written by Nacho De Marco
There’s a lot to be said about strategic planning. That the resulting plan requires multiple adjustments while moving forward. That it sidelines creativity. That it fails to anticipate obstacles. That, in short, it’s not worthy enough to go through all the trouble of actually planning an in-depth strategy.
Yet strategic planning is still a highly valuable asset when doing business. Even when you can’t come up with a flawless plan or when you have to sacrifice certain perspectives, having a strategy in place is always the best course of action. Why? Because it helps with task prioritization, schedule definition, performance analysis, overall management and budgeting.
I think that people criticizing strategic planning forget how useful it can be, even for all its faults and flaws. That’s why I wanted to take a look at some of the obstacles that might appear when planning strategically. These obstacles might as well be the reasons why some people see strategic planning as a waste of time: If you don’t know your way around them, your planning is going to fail.
That’s why I’m outlining four of the biggest obstacles to strategic planning below and how you can overcome them.
1. Excessive Focus On Budget
Forgive me if I discuss money first, but I’m fairly certain that a lot of executives treat it as if it was the only thing that mattered when making plans. Thinking like that will quickly get you stuck. In fact, starting the planning process by discussing money first can become an insurmountable obstacle. How come? By making it all about money, you subject the whole project to costs, limiting the possibilities in a significant way.
I’m not saying that you shouldn’t factor in money when planning strategies—that’s impossible. What I’m saying is that you should use your budget as just one more factor to consider and not the most decisive aspect of it all. True, you’ll have to face monetary constraints and meet revenue goals, but, ironically enough, the only way to get to those objectives and overcome those constraints is by planning strategies for growth.
2. Lack Of Alignment
Another huge obstacle executives face when planning strategies is when the team doesn’t align behind the proposed roadmap or doesn’t understand the tasks or objectives ahead. Sounds implausible? It happens more often than you think. That’s especially true in companies that have a rigid vertical hierarchy, as executives in these businesses often impose their decisions from the top down.
Naturally, employees will likely show friction with imposed strategies, leading to a lack of alignment. That’s why you need to make them a part of your strategic planning. By including team members’ feedback in your plan definition, you’ll have valuable input to better understand your operations, challenges, opportunities and potential outcomes.
3. Lack Of Ownership
Funnily enough, seeking alignment might lead you to a new obstacle: having too many cooks in the kitchen. By that I mean having too many people voicing opinions but no one actually leading the plan’s execution. What’s more, without that owner, the plan might not even make it to a final form, as too many ideas from different stakeholders can lead to a cross-functional mishmash of desires.
But even if you do end up with a proper plan, you won’t take it anywhere without someone at the helm. That means you’ll need to define who will spearhead the plan and be responsible for its execution. It doesn’t have to be a single person, mind you: You can appoint different people to own different parts of the plan. By doing that, you can guarantee that the person in charge at any given moment is the most suited for it given their expertise and experience.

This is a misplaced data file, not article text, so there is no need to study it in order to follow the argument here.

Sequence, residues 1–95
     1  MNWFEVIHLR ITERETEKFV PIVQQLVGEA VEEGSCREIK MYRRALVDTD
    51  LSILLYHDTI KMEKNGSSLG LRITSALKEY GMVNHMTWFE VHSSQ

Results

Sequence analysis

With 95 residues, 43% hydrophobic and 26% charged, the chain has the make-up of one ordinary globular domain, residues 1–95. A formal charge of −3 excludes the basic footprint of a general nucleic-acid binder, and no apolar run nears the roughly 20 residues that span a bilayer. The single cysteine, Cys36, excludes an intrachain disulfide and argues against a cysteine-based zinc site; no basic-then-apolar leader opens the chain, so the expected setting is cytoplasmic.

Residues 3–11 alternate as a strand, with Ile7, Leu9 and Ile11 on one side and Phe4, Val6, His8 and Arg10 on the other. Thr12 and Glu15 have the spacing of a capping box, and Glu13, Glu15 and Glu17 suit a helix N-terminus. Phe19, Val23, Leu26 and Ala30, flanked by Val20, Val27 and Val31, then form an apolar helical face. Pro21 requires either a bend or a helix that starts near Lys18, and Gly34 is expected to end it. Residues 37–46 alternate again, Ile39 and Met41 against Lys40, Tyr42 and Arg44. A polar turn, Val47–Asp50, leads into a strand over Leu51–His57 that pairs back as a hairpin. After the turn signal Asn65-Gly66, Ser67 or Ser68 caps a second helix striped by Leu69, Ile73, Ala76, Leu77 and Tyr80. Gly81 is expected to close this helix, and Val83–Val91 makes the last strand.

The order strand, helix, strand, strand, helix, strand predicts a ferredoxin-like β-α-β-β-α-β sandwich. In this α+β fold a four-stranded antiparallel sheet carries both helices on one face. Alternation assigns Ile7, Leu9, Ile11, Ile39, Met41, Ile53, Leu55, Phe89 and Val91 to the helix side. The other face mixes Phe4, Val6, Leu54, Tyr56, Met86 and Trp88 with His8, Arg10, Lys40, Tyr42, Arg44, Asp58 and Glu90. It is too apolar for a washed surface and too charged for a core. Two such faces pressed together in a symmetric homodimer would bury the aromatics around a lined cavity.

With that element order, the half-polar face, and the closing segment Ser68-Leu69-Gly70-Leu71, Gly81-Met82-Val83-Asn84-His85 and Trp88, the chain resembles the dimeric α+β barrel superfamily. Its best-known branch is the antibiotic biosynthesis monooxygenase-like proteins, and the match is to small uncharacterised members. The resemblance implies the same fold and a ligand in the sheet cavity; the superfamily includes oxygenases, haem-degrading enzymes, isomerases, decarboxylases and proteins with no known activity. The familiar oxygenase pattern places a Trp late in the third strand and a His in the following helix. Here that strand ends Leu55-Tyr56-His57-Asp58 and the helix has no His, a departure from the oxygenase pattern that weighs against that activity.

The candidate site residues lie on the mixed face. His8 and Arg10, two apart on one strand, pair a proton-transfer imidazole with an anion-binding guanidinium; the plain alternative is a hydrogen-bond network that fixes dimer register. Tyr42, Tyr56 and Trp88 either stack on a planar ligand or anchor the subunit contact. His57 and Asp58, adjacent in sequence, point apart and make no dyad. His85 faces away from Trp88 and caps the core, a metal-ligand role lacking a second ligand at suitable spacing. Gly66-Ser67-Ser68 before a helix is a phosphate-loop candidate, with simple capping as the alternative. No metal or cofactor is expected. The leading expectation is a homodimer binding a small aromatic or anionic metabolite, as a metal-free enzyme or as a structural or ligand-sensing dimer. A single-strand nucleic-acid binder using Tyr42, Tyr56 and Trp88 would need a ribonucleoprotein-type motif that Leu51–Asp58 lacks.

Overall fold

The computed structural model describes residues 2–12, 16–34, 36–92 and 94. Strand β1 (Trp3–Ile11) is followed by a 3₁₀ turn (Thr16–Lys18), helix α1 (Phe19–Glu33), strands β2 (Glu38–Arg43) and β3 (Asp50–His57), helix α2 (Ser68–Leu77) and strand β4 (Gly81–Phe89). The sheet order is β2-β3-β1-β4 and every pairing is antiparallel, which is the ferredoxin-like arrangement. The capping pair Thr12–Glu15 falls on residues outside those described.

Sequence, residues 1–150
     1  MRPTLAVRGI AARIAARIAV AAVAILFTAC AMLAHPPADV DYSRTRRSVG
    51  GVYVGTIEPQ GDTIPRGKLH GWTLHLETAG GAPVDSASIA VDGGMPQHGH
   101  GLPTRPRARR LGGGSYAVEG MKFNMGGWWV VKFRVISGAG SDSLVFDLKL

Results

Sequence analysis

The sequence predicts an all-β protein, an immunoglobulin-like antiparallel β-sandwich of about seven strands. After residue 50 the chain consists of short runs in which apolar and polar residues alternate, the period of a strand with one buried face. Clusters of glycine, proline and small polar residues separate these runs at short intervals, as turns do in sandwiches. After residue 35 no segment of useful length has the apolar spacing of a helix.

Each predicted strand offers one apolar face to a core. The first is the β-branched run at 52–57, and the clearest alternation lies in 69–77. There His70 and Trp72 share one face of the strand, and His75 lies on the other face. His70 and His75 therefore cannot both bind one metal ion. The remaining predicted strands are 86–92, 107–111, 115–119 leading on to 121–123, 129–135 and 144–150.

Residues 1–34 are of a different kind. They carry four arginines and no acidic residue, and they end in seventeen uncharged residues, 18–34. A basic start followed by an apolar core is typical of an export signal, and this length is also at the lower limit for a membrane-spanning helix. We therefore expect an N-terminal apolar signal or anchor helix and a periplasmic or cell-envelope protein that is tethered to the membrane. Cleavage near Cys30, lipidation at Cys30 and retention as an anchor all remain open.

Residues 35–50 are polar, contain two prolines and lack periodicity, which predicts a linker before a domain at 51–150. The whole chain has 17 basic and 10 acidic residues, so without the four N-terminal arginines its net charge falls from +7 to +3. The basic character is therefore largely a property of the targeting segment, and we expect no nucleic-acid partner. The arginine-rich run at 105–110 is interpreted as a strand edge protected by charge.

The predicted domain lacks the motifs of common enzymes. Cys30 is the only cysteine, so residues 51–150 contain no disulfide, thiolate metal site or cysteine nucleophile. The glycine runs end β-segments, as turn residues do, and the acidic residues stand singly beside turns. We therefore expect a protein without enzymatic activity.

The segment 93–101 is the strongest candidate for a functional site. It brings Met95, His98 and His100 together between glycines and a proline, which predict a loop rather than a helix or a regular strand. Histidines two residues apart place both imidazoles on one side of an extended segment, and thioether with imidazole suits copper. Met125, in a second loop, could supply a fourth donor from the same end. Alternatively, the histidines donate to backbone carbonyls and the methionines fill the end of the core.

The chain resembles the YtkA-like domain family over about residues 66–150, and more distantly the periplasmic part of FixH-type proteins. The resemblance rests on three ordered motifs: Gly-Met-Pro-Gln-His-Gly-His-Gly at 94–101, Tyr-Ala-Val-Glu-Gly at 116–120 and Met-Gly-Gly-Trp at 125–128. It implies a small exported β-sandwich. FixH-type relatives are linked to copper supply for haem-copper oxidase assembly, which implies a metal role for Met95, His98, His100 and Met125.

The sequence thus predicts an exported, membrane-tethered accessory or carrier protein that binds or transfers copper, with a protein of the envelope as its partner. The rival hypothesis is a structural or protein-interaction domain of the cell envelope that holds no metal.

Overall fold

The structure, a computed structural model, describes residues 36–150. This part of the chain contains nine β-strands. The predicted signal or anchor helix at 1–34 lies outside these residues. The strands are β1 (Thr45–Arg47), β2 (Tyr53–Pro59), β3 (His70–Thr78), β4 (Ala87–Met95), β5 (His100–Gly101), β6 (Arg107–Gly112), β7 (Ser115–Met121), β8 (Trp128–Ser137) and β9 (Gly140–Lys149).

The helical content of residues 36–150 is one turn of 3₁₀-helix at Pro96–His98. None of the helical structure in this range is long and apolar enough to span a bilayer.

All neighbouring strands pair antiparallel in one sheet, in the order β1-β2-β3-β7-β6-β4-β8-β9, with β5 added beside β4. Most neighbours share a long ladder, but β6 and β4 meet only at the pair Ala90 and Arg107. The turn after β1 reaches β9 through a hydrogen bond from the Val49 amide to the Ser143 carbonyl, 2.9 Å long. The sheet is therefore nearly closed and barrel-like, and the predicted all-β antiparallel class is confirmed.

4. Wrong Planning Approach
There’s a common misconception when it comes to strategic planning. Since the objective is to get an actionable plan, people in charge of strategic planning might think the best result is to have a plan as detailed as possible. Unfortunately, that’s the wrong way to go about it. If you expect the resulting strategy to cover every potential scenario, challenge and disruption, you’ll end up feeling disappointed.
Instead of aiming for that utopic plan, you should devise a roadmap that details essential milestones, priority tasks, affected team members, measurable KPIs and objectives (be them deliverables or intangible goals). Seen like that, a plan (and the related contingency plans that might fork from it) is more flexible, as you define what you expect to achieve with your strategy but allow the day-to-day activities to define the path in between.
Leveraging A Strategic Planning Mindset
I think that one of the most important things to keep in mind when dealing with strategic planning is the mindset you adopt when going in. If you still look at it in disbelief or focus on failed past experiences when planning strategically, you’re bound to fail. That’s because you’re undermining the potential (and real!) value hidden within strategic planning.
What I mean is that you need to adopt a positive mindset about it. You need to believe in what strategic planning can provide you while being realistic about what it can’t offer you. That’s key to unlocking the real value in the process.
So, on one hand, you need to put the benefits of strategic planning front and center in a way that can get everyone in your company on board. On the other hand, you need to be real about the limits of strategic planning: You’ll have to make adjustments on the go. By balancing both of these things, you’ll be more likely to succeed in your quest to create an actionable plan that can get your company where you want to go.
originally published by Forbes